I was initially attracted to the rose bud in my Wet Paint piece by the colors, which will not be a surprise to anyone who has been reading this blog for a while. Those gorgeous oranges and reds were appealing from the entrance door all the way across the Rose Garden at the Rye Patch. As I got closer to the subject, my artistic vision was to add to my Naturally Abstract gallery by focusing on a specific section of the bud. One of the things that fascinates me about macro photography is how just being physically close to something while simultaneously using magnification can break it down into simple colors and lines. In this case, to the point of not even being able to tell that it’s a flower. I love that, and to achieve it, I composed this at two times life-size. There was a bit of wind the morning I created this and, while I had a Plamp holding the bud, I lowered the F-stop to gain back a little shutter speed. Doing that further reduced the already razor thin depth of field, but that also amplified the aesthetic effect I wanted. The colors reminded me of paint, as if someone had pulled a brush across the frame, and the tiny dew drops that completely cover the surface provide a wet look.
With all of the azalea flowers on the north east side of the Aiken County Historical Museum, I was certain that I could find a worthy subject among them. I used the edge of an azalea petal to create the naturally abstract composition in my Curtain piece. My artistic vision was to split the image diagonally where one part featured the petal’s edge and the flower it belonged to while the other section is an entirely different azalea blossom. That took quite a bit of exploring blooms and trying different angles until I found a flower that had the colors I wanted behind it with an edge that wasn’t burned, discolored, or chewed up. Additionally, the edge had to be far enough away from the details in the center that they would dissolve into colors even at a high F-stop, which was required to keep most of edge sharply in focus. Of course, composing at two times life-size helped because the depth of field is quite shallow. Even with that, surface texture along the petal edge can be seen.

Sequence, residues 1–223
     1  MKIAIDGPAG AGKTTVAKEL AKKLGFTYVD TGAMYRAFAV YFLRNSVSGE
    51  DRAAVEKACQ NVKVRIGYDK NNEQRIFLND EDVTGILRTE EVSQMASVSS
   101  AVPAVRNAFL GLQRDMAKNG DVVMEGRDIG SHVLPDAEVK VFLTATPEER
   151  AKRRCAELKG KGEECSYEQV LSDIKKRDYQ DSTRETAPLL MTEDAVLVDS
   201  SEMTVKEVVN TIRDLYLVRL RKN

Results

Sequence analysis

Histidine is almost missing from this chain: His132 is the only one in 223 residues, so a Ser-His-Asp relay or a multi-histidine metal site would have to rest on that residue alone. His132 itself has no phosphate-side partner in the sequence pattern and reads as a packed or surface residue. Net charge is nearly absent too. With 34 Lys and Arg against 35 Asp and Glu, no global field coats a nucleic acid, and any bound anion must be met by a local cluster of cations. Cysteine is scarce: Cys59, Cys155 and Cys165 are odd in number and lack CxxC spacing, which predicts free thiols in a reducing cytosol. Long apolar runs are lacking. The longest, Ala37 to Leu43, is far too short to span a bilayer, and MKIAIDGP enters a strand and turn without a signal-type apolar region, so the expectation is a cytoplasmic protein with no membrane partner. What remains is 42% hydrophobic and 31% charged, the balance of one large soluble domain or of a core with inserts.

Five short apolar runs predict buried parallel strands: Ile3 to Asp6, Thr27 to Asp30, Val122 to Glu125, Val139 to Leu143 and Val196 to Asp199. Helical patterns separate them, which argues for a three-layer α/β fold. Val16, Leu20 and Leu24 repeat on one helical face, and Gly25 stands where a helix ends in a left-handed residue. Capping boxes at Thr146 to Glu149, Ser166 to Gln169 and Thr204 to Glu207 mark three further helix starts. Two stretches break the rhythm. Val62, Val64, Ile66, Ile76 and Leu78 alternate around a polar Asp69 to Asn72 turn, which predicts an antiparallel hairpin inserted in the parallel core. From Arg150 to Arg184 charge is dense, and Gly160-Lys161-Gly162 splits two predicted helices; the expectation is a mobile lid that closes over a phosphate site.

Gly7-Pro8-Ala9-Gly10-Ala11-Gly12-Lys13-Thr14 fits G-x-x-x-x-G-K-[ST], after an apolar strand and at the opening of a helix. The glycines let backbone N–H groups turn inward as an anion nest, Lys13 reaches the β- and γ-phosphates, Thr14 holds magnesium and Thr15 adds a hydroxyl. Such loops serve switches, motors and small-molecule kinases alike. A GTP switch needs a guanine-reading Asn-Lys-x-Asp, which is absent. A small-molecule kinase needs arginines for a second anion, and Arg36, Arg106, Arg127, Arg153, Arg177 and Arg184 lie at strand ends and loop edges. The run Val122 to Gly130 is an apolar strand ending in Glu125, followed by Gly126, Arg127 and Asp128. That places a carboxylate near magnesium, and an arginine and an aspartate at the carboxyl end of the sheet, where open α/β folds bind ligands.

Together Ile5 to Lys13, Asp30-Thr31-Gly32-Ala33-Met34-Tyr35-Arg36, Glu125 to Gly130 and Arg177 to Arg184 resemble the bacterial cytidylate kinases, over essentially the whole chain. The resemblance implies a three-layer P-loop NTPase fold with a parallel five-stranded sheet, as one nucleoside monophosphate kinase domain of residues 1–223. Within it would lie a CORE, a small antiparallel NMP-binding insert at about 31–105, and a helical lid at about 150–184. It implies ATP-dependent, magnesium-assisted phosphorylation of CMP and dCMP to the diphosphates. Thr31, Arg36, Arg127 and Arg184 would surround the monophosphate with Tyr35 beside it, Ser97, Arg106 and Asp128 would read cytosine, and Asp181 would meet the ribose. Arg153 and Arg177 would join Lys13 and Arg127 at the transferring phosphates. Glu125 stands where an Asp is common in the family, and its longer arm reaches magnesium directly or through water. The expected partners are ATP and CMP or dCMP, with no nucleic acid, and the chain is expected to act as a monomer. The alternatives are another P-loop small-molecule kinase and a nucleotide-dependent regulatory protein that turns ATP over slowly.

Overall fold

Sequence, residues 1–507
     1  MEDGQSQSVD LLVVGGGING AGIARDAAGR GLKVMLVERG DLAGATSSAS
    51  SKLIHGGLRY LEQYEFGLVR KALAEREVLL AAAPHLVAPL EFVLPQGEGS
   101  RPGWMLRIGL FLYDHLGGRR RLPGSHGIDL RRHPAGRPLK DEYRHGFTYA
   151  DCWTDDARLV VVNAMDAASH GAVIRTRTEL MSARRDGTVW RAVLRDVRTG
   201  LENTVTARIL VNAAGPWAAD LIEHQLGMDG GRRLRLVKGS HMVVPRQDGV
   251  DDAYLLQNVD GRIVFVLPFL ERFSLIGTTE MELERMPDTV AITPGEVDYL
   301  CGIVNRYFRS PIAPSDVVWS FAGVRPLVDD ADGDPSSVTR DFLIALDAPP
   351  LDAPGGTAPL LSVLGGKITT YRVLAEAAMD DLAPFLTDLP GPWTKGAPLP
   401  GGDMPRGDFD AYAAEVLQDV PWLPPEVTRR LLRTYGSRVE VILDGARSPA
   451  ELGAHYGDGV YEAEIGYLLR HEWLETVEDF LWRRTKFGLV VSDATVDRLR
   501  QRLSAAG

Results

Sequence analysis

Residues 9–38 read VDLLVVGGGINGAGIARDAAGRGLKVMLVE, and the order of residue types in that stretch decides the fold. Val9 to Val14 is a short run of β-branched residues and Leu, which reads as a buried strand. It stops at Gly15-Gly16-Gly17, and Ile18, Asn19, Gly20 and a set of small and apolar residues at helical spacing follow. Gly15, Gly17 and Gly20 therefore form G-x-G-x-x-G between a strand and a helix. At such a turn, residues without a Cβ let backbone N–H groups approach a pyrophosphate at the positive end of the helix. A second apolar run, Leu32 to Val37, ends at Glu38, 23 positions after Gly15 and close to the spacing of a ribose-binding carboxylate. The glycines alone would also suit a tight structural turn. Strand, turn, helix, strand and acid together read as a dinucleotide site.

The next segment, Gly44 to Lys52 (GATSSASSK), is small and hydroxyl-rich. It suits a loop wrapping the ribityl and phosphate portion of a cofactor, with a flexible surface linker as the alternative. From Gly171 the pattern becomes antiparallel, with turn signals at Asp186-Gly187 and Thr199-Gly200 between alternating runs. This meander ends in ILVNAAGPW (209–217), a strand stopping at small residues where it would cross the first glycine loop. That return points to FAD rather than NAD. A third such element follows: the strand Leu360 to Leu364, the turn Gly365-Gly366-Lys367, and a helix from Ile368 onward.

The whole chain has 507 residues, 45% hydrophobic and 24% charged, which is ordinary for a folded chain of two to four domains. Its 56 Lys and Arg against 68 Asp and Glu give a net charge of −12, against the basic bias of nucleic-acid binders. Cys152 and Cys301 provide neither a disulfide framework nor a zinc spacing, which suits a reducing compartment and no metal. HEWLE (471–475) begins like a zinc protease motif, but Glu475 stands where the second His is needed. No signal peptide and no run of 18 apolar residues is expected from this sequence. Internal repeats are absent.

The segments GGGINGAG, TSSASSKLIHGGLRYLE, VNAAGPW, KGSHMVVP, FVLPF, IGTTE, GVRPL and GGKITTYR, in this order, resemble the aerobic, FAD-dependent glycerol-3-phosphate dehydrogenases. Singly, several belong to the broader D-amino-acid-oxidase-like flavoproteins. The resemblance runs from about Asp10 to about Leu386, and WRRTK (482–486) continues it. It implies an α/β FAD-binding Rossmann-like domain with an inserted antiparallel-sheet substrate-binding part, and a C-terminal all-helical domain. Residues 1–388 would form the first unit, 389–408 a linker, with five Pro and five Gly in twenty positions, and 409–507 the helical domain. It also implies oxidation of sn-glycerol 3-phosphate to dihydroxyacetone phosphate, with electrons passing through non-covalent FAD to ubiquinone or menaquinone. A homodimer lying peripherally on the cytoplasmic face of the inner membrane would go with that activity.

I was pulled over to the magnolia tree in a neighbor’s yard where I found the blossom in my Magnolia Flame piece by all of the flowers on the ground. From a distance, it looked like there was a layer of pink surrounding the entire base of the tree. I thought I might be able to create a naturally abstract composition from the flowers that had fallen off, but as I got closer it became clear that the remnants didn’t completely cover the grass and they were in fairly poor shape. Not wanting to come home empty handed, I searched the branches for a new, better subject. This particular bloom was fresh with excellent colors that drew me right in. The shape that the petals formed immediately made me think of a flame (as if the fire from a candle was burning in a gorgeous pink tone). Even though it was shot wide open with a very shallow depth of field, details including the surface texture and pollen can be seen.
Given that it was already November, I wasn’t expecting to see much color from new blooms at the Aiken County Historical Museum (or anywhere, for that matter). So, I was pleasantly surprised when I spotted some as I was driving in. The flowers in this post were just off the driveway in front of the building. In fact, I was kneeling on the driveway, and I had the tripod on the pavement while composing them.
My artistic goal for Autumn Branch was to fill the frame with as much of the flower’s gorgeous colors as I could. First, I searched through the various groups of flowers with just my eyes, and then where I felt possible compositions existed, I looked through those clusters with the lens. While I wasn’t quite able to completely fill the entire frame, I did come close. Having a viewfinder with 100% coverage helps in situations like this because you know what you are seeing is what you will get and no cropping will be needed in post. I placed the focal point on the leftmost flower and had enough depth in the zone of sharpness to sharply capture petals and pollen on flowers that were behind it. The high level of detail allows individual pieces of pollen to be seen.